Rated 97 - The NV Solera 1830 Pedro Ximenez is the oldest and most concentrated sweet wine from Alvear. It comes from a solera created in 1830 blended with other very old PXs and released in very small quantities (1,200 bottles every two years). The color is black and dense like melted chocolate with a bright amber edge. It has a nose of extreme concentration and age, noble woods, espresso coffee (make that a ristretto!), vanilla and coconut that I also find in the oldest sweet wines like Toneles from Valdespino or the 1946 PX from Toro Albala. Extraordinarily complex, velvety and fine. As the wine is so dense, during the concentration through age it actually loses alcohol, and it’s bottled at 11.5%. This wine could last forever. Drink 2013-2030. - Wine Advocate.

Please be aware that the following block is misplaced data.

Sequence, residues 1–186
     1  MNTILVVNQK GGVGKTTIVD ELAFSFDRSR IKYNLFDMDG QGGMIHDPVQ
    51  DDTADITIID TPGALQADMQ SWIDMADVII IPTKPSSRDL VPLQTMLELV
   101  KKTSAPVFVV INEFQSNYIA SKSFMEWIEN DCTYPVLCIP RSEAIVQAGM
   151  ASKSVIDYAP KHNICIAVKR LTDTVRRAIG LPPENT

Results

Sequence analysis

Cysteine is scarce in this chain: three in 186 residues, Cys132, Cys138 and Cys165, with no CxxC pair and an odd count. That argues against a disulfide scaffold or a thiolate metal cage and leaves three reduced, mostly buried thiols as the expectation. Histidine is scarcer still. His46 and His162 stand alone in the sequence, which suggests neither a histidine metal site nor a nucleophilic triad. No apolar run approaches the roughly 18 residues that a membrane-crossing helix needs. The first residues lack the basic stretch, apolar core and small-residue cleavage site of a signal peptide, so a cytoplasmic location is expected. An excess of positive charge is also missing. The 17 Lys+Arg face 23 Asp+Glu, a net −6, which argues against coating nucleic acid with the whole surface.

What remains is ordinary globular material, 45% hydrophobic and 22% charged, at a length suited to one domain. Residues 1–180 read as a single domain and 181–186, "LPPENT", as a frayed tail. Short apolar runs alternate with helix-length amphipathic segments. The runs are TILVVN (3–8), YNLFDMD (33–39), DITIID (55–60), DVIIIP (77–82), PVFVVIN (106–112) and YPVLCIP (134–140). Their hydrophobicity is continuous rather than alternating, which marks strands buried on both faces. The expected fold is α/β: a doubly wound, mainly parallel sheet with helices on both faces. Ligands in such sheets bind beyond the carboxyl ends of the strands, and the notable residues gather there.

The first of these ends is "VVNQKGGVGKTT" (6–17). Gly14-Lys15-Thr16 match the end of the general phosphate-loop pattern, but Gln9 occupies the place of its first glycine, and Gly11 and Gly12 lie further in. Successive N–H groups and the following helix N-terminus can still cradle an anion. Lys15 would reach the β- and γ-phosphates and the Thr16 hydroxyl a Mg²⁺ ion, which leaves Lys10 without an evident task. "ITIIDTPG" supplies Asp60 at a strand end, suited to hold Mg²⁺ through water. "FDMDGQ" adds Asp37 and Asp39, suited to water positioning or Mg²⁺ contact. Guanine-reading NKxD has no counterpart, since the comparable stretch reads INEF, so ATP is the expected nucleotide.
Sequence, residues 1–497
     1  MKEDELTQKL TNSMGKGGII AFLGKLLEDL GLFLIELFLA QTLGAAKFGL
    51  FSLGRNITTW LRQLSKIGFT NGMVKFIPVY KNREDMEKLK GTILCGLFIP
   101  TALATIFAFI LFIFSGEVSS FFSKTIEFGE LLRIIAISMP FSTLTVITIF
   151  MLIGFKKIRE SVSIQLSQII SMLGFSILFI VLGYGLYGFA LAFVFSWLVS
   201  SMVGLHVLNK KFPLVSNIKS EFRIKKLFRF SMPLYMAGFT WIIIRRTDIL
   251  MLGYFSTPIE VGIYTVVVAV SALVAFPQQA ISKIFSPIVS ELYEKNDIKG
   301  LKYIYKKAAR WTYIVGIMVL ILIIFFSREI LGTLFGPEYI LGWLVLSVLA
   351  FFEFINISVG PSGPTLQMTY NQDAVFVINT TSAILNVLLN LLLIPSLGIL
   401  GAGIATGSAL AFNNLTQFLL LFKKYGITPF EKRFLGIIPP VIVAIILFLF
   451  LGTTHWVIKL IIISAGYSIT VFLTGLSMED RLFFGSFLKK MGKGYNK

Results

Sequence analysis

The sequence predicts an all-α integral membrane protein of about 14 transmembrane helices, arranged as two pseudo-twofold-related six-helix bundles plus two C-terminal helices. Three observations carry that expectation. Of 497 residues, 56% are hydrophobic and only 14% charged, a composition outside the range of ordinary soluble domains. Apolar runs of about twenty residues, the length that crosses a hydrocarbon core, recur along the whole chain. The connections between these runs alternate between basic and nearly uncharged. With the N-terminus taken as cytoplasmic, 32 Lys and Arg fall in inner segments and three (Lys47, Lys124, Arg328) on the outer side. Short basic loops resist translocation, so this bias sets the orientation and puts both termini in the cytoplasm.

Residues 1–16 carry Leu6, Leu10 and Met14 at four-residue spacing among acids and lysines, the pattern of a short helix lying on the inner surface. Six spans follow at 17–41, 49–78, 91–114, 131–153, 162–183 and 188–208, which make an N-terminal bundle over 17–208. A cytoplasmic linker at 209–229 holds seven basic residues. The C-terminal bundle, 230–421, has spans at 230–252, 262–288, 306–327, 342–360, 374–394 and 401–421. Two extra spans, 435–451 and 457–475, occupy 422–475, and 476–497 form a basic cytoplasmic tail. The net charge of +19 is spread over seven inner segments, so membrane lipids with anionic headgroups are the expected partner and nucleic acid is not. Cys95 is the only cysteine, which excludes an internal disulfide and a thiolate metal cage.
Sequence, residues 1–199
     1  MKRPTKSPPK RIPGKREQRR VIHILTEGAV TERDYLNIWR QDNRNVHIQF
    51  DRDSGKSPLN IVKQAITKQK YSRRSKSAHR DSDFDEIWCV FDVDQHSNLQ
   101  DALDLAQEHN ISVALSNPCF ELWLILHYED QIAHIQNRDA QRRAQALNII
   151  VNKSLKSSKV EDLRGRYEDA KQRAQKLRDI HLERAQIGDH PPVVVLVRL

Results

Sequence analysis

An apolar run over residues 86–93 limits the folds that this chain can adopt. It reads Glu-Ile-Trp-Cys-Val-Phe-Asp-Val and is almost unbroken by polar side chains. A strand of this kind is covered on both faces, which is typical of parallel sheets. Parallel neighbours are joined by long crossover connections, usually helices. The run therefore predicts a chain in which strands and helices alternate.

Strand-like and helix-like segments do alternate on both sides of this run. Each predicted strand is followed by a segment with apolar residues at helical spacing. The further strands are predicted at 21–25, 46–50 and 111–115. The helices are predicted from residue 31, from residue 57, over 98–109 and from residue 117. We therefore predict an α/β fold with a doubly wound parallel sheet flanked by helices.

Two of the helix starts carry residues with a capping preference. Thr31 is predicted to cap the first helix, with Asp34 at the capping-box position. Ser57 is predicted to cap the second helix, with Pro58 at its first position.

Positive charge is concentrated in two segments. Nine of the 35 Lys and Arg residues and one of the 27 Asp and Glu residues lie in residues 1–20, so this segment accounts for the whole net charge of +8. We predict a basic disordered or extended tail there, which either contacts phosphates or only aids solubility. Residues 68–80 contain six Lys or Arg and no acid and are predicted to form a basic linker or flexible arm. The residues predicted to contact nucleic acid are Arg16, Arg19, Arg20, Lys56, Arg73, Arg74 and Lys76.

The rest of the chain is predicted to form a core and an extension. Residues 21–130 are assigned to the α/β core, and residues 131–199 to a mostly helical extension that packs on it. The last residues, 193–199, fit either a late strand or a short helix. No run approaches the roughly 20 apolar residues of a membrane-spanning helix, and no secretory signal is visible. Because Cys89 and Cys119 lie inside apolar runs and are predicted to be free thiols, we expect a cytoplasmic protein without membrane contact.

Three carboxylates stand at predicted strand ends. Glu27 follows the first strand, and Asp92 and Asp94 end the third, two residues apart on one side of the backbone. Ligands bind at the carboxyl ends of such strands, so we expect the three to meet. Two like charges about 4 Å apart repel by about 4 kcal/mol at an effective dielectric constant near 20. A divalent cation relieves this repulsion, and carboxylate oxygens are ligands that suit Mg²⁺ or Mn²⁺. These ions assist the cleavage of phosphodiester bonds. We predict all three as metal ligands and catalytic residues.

For over two thousand years, Spain has been responsible for much of Europe's wine production, making the very best of native grape varietals, and more recently experimenting with and perfecting wines made from imported grapes. Of course, the region of La Rioja is renowned world-wide for the quality and characteristics of its wines, which benefit greatly from the warm, dry continental climate of the area, and the fertile soils of the Ebro river basin. However, there is far more to Spanish produce than the complex, aromatic and earthy red wine of this region, as a result of the vast range of wine making traditions and practices, and terrains and climatic conditions found across the country. The region Castilla y Leon produces some of Europe's finest white wines, and the sparkling wines of Cava and the sherries of Jerez are firm favorites for wine lovers around the world.